Posted anonymously, this is the second instalment in a series that looks at Borderline Personality Disorder and how one sufferer lives with it at university. Part 1 is here.
I saw a very unsympathetic doctor, I was eager to get help because I wanted to stop self-harming. I went in and told him what had happened and gave him the fax number of the hospital who sent him a report (they’d kept me in overnight and I’d had a mental assessment by 2 nurses the next day). Immediately he started aggressively questioning me “why do you cut yourself, why do you do it, why do you self-harm?” I didn’t know how to respond to this man I’d just met and said “I don’t know” to which he replied “Oh so you’re borderline?” In my head I was thinking “borderline what? What am I on the border of?” Out loud I just said “no?” And looked confused. He sent me away with more antidepressants despite my protests that they just made me feel completely zoned out and slightly high like I was on uppers of some sort. I believe this was the meeting at which I had “emotionally unstable personality disorder” permanently placed on my medical record, without my knowledge, and without any kind of explanation.
|To be diagnosed with Borderline Personality disorder patients must display at least five of the following:
I barely attended uni, spending most of the time crying or sleeping in my room, I had no appetite and no interest in anything; I couldn’t even read anymore. It’s very common to have co existing conditions with BPD such as depression, social anxiety disorder, eating disorders, and obsessive compulsive disorder. I was terrified to leave my room, walking past strangers on the street gave me mini panic attacks; I thought that these people were ruthlessly judging me (even though I knew deep down that they weren’t). If they were a different race I’d worry that they thought I was racist, if they had kids, that they’d think I was a paedophile, guys: ugly, girls: a loser. The list of imaginary insults and intense scrutiny over every aspect of my character went on and on. As I’d walk past I’d have to hold my breath and clench my fists to stop them thinking bad thoughts about me. My heart raced and I didn’t know what to do with my eyes. I tend to stare away from them as hard as possible, but this makes them actually look at me, because I’m walking down the street acting weird.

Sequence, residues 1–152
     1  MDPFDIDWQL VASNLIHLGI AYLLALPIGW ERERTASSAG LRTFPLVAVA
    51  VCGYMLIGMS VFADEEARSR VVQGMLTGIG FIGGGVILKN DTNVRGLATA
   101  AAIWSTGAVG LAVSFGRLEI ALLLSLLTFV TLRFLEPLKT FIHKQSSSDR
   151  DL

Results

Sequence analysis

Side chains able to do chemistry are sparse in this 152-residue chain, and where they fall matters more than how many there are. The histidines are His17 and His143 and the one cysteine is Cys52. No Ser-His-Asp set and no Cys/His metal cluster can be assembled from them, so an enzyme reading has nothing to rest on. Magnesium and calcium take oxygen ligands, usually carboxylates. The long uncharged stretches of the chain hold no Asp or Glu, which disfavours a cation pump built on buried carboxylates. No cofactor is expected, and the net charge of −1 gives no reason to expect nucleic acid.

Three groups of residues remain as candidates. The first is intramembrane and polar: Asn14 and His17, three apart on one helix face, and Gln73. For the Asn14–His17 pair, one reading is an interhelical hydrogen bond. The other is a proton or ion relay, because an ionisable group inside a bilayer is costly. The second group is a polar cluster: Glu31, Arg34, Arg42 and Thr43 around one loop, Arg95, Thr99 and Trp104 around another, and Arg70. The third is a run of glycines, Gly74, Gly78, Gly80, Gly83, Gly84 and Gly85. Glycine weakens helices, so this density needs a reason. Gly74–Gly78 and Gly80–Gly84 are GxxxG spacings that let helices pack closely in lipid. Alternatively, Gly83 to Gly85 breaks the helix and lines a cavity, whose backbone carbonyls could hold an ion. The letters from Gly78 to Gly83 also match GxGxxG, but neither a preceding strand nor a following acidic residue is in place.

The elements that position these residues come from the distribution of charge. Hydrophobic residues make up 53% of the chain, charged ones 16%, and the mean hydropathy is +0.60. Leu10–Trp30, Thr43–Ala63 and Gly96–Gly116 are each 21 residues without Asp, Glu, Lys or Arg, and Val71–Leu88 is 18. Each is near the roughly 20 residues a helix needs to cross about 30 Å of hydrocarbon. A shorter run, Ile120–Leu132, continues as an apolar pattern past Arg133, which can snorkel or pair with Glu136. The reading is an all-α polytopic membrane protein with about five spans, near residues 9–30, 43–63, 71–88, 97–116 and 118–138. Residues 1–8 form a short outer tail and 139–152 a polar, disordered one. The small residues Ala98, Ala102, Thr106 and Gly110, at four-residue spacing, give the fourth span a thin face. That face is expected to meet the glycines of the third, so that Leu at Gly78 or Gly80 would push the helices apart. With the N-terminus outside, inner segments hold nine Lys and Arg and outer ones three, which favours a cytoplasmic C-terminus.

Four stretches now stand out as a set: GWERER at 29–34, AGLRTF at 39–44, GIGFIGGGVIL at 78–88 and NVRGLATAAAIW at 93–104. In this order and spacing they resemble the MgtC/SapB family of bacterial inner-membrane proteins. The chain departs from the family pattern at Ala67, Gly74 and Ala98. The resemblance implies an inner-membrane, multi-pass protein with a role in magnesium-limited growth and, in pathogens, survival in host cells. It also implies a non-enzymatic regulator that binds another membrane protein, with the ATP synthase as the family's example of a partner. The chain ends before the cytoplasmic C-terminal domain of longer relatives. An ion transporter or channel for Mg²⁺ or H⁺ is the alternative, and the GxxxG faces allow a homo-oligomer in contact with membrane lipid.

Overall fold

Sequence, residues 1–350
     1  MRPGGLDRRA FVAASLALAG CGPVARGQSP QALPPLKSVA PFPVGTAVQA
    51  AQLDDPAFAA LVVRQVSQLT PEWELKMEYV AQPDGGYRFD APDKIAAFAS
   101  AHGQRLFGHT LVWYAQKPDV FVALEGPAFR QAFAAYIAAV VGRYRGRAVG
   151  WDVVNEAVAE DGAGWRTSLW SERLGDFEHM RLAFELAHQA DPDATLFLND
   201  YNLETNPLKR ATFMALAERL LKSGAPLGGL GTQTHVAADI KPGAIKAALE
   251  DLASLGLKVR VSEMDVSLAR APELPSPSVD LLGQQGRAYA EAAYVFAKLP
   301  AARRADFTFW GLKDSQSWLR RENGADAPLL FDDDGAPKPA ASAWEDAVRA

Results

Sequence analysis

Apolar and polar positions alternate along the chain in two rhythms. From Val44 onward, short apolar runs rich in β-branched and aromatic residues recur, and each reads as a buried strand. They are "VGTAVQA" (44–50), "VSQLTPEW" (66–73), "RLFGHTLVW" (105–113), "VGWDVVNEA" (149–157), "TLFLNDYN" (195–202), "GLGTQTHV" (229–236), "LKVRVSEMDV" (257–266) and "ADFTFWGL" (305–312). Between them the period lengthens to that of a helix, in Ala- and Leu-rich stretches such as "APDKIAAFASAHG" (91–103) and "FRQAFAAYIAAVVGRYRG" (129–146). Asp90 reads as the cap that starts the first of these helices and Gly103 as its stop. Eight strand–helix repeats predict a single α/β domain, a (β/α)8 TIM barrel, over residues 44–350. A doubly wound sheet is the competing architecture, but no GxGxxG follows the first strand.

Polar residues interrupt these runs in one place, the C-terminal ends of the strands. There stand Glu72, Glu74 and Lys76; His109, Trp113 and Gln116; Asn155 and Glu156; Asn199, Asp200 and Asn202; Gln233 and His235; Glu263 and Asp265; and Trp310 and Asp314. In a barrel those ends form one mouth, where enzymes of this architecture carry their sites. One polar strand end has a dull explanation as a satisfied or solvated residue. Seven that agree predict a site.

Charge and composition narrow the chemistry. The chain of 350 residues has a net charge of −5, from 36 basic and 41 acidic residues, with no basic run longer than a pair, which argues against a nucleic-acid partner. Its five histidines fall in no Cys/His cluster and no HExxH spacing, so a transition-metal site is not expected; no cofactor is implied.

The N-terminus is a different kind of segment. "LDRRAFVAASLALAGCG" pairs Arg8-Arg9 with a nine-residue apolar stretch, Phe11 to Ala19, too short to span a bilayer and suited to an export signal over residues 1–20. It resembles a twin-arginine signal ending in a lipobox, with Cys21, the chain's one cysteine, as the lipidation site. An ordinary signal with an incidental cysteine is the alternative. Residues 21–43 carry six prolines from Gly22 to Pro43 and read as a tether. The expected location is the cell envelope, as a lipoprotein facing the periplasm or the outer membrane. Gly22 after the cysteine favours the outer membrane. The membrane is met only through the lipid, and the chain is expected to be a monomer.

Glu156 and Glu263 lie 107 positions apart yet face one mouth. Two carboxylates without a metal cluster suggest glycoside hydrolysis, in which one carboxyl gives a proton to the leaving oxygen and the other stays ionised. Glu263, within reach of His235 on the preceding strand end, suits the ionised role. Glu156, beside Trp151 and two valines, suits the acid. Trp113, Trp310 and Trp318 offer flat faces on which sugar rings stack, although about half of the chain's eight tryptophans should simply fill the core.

I felt inadequate and that I didn’t belong in lectures, who did I think I was sitting with all these people much smarter than me? Who was I kidding? I knew I was going to fail so what was the point even trying? I sank deeper and deeper into depression. I somehow managed to pass 3/4 of my January exams even though I literally only attended the first week of uni. Thank God for Blackboard. I started in January with a brand new fresh start attitude. It lasted a week. I was sick of feeling miserable in my room and I now had friends and a social life, so I threw myself into that. Every party, I’d be there. I’d be the loudest, the drunkest, the “happiest” person at the party, but inside I was completely numb and I felt like I was dying. Surrounded by people yet completely alone. Sometimes I didn’t get home until midday, which gave me just enough time to wake up at 6pm and go out and do it all over again. Which was fine because it’s not like I was attending any lectures or had any work to do… I wasn’t self-harming but I was abusing alcohol pretty heavily, my favourite coping mechanism had been taken away from me and heck I needed a substitute.
Alcohol and drugs are often used as a temporary escape from the overwhelming emotional pain of BPD, but what goes up must come down, a fact you’re willing to overlook at the time. Alcohol made the dissociative symptoms of the disorder much worse. Dissociation is where you feel like you’re having an out of body experience, it’s similar to post traumatic stress disorder. Imagine something really traumatic, like you’re involved in a car crash, and you feel as though it’s not really happening to you it’s happening to somebody else, or it’s playing out in front of you on a film. Dissociation is like that but it can last for hours or even days. It’s rather unpleasant. I remember being sat on a chair in halls and feeling like I was rising, so I had to grip the seat and tell myself repeatedly that I was sat in the chair.
My personal finance was a mess, I felt that I was already coping with so much and if I had to be responsible for one more thing I’d crash and burn and have a nervous breakdown. Being sensible with money was too much, I let it slide and ignored it as I spent to feel good and went overdrawn. Luckily my parents could help me out financially, I realise not everyone is this lucky.
This series will be continued in part 3, if any of these issues affect you or someone close to you, here are some resources on hand to help.
Nightline confidential information and listening service open 8pm-8am
02380 595 236
25236 from halls
The Samaritans 24 hours
08457 90 90 90
Mind a very good website to read more about BPD
Girl, Interrupted by Susanna Kayson an excellent first-hand account of BPD